6 October 2015
There’s a formational contact in this photo, and for many years, I misplaced it completely. Let’s see how well you do: can you spot it?
Submit your answers by downloading the photo (right click; ‘save as’), drawing on the contact, saving your annotated copy, and then posting your version in the comments.
Need more data? Try exploring this GigaPan of the site:
5 October 2015
Route 33 in Pendleton County, West Virginia cuts across the lower Paleozoic stratigraphic section. I went there this past spring on a sedimentology and stratigraphy field trip with the GMU sed/strat class. The trip was orchestrated by professor Rick Diecchio.
Here are some scenes from two of the stops – the upper Ordovician Juniata formation (red sandstones and shale intepreted as Taconian molasse) and the overlying Silurian Tuscarora Formation (thick quartz arenite equivalent to the Massanutten Sandstone).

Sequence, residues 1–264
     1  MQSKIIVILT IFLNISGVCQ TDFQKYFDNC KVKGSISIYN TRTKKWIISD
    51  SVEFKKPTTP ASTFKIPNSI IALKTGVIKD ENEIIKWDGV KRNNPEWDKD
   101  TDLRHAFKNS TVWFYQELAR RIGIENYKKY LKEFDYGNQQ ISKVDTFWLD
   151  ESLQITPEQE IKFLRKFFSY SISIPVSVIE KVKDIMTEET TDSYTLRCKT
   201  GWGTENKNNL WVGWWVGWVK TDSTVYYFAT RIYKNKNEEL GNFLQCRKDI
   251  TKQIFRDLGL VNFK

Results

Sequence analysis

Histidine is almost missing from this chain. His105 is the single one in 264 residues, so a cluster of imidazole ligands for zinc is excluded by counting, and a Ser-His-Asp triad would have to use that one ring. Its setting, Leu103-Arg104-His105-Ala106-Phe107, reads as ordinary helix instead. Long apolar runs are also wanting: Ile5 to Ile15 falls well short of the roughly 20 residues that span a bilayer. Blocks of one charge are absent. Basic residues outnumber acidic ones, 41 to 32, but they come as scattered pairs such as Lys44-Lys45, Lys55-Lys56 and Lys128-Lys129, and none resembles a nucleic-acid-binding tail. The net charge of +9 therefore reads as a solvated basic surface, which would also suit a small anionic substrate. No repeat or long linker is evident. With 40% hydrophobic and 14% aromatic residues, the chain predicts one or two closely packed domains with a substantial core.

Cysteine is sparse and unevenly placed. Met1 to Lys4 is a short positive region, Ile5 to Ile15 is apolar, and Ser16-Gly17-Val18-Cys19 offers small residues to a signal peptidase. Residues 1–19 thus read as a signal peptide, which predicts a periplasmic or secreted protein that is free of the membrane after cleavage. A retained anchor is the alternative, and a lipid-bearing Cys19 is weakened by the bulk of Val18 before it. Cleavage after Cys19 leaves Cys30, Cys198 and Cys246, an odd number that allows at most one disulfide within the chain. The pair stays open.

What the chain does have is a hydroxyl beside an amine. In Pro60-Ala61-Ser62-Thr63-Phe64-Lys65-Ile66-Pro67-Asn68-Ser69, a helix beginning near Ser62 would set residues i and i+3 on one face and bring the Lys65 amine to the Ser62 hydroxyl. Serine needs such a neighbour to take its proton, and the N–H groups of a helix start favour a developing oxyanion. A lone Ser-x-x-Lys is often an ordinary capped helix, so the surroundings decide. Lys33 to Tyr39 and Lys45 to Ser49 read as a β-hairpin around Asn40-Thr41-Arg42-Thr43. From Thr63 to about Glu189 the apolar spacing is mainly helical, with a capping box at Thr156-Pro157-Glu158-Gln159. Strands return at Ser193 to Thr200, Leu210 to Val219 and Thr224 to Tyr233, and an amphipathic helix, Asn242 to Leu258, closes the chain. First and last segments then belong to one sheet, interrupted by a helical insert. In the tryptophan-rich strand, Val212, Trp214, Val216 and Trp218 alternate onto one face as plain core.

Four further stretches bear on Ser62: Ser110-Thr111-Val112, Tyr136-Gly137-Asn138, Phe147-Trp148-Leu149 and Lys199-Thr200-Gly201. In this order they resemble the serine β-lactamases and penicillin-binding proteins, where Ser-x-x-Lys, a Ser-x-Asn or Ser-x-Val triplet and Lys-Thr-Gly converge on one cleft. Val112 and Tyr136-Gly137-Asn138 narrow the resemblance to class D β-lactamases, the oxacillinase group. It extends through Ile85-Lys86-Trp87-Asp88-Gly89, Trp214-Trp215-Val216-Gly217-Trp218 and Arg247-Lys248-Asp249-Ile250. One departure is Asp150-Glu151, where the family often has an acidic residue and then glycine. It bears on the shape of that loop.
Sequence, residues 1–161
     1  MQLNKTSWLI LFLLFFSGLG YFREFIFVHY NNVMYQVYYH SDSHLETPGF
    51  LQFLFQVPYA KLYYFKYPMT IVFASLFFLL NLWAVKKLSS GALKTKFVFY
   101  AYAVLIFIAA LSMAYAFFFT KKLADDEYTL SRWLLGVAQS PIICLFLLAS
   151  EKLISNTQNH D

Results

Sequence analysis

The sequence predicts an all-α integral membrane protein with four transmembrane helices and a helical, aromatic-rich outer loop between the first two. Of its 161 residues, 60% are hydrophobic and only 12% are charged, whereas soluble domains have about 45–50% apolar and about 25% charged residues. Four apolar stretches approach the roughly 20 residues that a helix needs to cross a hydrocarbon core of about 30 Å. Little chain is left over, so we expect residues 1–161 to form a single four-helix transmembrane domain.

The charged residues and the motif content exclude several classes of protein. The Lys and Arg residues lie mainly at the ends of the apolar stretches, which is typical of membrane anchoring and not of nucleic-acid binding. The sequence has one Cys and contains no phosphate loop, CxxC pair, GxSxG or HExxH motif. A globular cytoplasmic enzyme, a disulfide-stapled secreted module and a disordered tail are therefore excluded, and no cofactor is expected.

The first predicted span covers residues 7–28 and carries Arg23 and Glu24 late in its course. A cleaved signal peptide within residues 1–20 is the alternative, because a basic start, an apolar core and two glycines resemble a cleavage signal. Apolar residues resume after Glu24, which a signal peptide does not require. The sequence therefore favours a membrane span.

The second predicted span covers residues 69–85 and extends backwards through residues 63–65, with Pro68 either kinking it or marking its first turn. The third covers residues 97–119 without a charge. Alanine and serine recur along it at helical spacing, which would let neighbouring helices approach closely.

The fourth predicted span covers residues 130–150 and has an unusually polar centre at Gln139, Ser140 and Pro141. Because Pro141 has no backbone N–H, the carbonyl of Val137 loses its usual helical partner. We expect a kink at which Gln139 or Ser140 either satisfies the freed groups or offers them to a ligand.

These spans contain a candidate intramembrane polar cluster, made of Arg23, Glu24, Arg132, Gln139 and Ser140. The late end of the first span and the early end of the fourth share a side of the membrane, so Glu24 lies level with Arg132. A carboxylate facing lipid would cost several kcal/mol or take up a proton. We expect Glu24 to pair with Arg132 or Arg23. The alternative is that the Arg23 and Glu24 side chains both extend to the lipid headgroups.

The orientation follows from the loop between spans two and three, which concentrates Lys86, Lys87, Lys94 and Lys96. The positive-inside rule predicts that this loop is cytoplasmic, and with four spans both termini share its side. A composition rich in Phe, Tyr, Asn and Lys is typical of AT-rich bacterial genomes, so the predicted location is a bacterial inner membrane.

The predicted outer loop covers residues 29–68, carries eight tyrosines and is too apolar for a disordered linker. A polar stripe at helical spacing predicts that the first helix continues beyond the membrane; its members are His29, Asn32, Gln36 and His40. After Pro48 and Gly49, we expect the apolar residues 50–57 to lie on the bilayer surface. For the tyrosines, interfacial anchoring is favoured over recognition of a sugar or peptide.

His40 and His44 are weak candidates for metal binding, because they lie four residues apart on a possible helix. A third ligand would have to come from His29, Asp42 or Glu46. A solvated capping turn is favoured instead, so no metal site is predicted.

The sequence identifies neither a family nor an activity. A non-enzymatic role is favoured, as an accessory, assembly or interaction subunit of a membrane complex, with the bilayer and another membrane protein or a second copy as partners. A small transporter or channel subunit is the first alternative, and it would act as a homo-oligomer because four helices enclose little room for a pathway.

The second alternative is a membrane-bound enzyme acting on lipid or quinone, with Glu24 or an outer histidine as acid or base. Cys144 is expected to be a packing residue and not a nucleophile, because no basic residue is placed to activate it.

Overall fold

The conformable contact between the two units is discernible at one point along the road, but what I would like to call your attention to today are some trace fossils from the two formations. In the Juniata, the planar bedding is cross-cut by deep Skolithos tubes, which Rick interpreted as an indication that the critters which lived in this area really needed to retreat from the high flow regime which deposited the planar bedding.
Same sample, with the contrast dialed up a bit, so the bedding and Skolithos stand out better:
In the Tuscarora, there were more bedding plane parallel traces, such as these Arthophycus:
Because of the relatively coarse substrate (sand, not mud), the fine details of the Arthrophycus (bumps and ridges) weren’t preserved especially well, but if held at the right angle to the light, a few of them emerged as discernible: